An increase in severe respiratory infections this season is putting pressure on Oregon’s already-strained hospitals as the holidays approach. But health officials say people can take simple steps to avoid exposure – and the need for an emergency department visit – as they gather for celebrations.
“We want people to remember the holidays as a festive time of family, friends, food and fun events, not because of a severe case of RSV or other respiratory virus,” said Dana Hargunani, M.D., M.P.H., a pediatrician and Oregon Health Authority’s chief medical officer. “Common-sense vigilance this season can help keep you and your loved ones safe and out of the hospital.”
Beau Gilmore, M.D., pediatrician and chief informaticist at Mosaic Medical in central Oregon, shares his thoughts on staying safe during the holidays in a video on OHA’s YouTube channel. Gilmore also offers advice for parents and caregivers on how to know when to go to the hospital.
According to OHA data as of Wednesday, the RSV hospitalization rate for children nearly quadrupled between Oct. 29 and Nov. 5, from 2.2 to 8.7 per 100,000 population. The rate dropped slightly by Nov. 12, to 5.7 per 100,000, but that was still double what it was two weeks earlier.
RSV hospitalization rates for adults have been lower, although there remains a risk of serious illness for older adults.
“Emergency departments in Oregon are overflowing,” Hargunani said. “We need to make sure families have access to the emergency care they need when facing serious, life-threatening medical emergencies”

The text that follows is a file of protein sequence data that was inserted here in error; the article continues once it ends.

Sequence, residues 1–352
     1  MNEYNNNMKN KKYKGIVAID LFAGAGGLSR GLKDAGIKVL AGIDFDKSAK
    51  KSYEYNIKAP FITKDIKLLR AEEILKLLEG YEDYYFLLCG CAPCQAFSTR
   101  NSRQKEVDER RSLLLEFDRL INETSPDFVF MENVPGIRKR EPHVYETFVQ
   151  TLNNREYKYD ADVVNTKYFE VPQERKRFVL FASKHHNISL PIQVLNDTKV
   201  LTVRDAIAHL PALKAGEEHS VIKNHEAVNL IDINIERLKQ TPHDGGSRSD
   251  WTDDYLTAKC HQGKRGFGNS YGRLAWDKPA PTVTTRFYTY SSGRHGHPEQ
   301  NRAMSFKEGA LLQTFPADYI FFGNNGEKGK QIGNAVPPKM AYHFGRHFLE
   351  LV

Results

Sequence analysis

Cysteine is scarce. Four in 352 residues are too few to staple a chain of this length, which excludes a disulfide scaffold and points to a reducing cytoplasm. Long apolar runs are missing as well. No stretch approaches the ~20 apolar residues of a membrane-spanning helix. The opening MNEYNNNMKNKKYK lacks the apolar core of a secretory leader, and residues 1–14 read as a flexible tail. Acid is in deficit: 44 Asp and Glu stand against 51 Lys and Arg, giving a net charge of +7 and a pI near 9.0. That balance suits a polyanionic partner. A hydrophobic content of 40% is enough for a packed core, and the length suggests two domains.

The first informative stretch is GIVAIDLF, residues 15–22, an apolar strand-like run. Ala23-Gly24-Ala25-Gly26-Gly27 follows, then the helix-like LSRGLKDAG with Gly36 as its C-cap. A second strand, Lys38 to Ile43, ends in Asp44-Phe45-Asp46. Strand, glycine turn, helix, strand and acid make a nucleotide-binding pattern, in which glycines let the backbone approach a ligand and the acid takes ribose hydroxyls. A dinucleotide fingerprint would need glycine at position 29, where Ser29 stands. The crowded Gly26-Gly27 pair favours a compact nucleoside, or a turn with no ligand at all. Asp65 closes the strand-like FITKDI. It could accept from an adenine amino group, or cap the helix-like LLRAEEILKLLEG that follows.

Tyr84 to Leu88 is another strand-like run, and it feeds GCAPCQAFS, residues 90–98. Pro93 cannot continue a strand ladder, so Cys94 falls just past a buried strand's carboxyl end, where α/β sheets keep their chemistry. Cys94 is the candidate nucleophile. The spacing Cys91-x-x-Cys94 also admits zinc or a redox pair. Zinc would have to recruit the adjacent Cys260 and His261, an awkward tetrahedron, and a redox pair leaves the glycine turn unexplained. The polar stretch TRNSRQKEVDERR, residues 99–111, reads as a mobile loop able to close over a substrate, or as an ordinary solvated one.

OHA offers the following tips for staying healthy and avoiding an unnecessary hospital visit during the holidays:
- Get a flu shot and stay up to date on COVID-19 vaccinations, including new bivalent boosters.
- There is no vaccine or treatment for RSV, but people can protect themselves by covering coughs and sneezes, cleaning high-touch surfaces, and regularly washing their hands with soap and water or using hand sanitizer.
- Consider wearing a mask during indoor holiday gatherings and events. Anyone at risk for getting severely ill from RSV – young children and older adults– should consider wearing a mask when indoors with people who are not in their household.
- Because children younger than 2 are too young to safely wear a mask, parents and caregivers should consider asking those around them to wear a mask.
Hargunani emphasizes that RSV is a common respiratory virus that usually causes mild, cold-like symptoms, such as runny nose, coughing and sneezing. Most infections go away on their own in a week or two. Almost all children will have had an RSV infection by their second birthday, she said.
People experiencing mild symptoms of RSV should:
- Stay home from work or school, and avoid holiday gatherings and events.
- Manage fever and pain with over-the-counter fever reducers and pain relievers.
- Drink plenty of fluids to prevent dehydration.
- Make sure to talk to your health care provider before giving your child over-the-counter cold medicines which are typically not indicated for this age group.
However, parents and guardians should immediately seek health care if their child is experiencing more severe symptoms of RSV, such as trouble breathing, dehydration, gray or blue color to the tongue, lips or skin, or significantly decreased activity and alertness.
“Over the holidays, it is especially important that we maintain the vigilance that served us so well during the COVID-19 pandemic,” Hargunani said. “Get vaccinated, avoid large gatherings and wear a mask in crowded indoor places. Doing so will help us all have a happy and positively memorable holiday season.”